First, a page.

Aotearoa New Zealand social workers and their views of inclusion of animals in social work practice – A descriptive study

Polly Yeung, Nicole Robertson, Lucy Sandford-Reed


PURPOSE: Given the benefits of the human–animal bond (HAB), animals are being used in a range of social work settings. It is important to gain a more in-depth understanding of social work practitioners’ knowledge and actions in these interactions. The purpose of this study was to examine the views and knowledge of social workers in relation to the HAB in Aotearoa New Zealand. METHODS: A survey using an online portal was administrated to qualified social workers via professional and community networks to assess their exposure, level of knowledge, support, training, and barriers to animal–human relations. RESULTS: A total of 140 questionnaires were used for analysis. The results, similar to findings from Canada and the United States, indicate that social workers seemed to have high exposure to information about the benefits of HAB and understanding of the connections between animal abuse and child abuse/domestic violence. Only 68% have included animals in their social work practice. The vast majority have had no specific training in HAB. Untested or untrained animals were also reported to have been used in social work intervention practice. The lack of clear workplace policies, support and professional training in HAB were key barriers that inhibited the inclusion of animals in practice. CONCLUSIONS: Lack of understanding over how to include HAB in practice has serious implications for social work. HAB continues to influence and contribute to the lives of families and individuals and social workers have a duty to develop general awareness and knowledge of the benefits to human health and wellbeing of interacting with animals.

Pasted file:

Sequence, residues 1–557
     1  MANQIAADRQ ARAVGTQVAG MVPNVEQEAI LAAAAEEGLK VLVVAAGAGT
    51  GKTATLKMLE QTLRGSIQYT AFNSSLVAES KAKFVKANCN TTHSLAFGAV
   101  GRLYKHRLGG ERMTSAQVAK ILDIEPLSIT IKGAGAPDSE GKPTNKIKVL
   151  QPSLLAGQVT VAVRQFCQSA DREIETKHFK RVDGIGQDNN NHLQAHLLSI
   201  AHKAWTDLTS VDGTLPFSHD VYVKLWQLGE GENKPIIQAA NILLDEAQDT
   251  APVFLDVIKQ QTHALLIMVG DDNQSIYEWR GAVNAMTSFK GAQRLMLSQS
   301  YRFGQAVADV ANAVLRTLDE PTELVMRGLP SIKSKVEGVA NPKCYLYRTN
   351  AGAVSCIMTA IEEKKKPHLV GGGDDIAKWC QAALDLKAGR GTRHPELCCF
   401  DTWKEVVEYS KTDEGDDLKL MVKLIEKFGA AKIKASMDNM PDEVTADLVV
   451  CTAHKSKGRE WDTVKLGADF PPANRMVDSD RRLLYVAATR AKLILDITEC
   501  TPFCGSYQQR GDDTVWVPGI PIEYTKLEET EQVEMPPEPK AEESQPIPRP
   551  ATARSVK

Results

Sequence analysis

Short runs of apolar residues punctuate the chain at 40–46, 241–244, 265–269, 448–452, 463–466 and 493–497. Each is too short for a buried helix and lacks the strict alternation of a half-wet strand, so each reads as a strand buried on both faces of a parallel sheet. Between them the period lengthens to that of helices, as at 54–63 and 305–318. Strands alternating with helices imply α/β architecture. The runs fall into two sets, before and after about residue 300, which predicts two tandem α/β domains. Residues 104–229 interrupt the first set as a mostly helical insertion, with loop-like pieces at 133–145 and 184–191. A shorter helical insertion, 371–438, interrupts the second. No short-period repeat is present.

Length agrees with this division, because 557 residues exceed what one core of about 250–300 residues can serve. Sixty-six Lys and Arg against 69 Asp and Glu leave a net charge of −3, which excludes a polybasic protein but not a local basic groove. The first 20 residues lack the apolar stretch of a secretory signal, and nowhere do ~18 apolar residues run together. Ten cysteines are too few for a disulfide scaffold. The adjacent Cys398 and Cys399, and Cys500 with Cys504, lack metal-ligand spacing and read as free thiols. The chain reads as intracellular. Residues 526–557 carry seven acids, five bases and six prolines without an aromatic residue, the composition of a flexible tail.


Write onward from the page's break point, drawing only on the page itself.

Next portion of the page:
Human–animal bonds; social work practice; animal-human relations; social justice;

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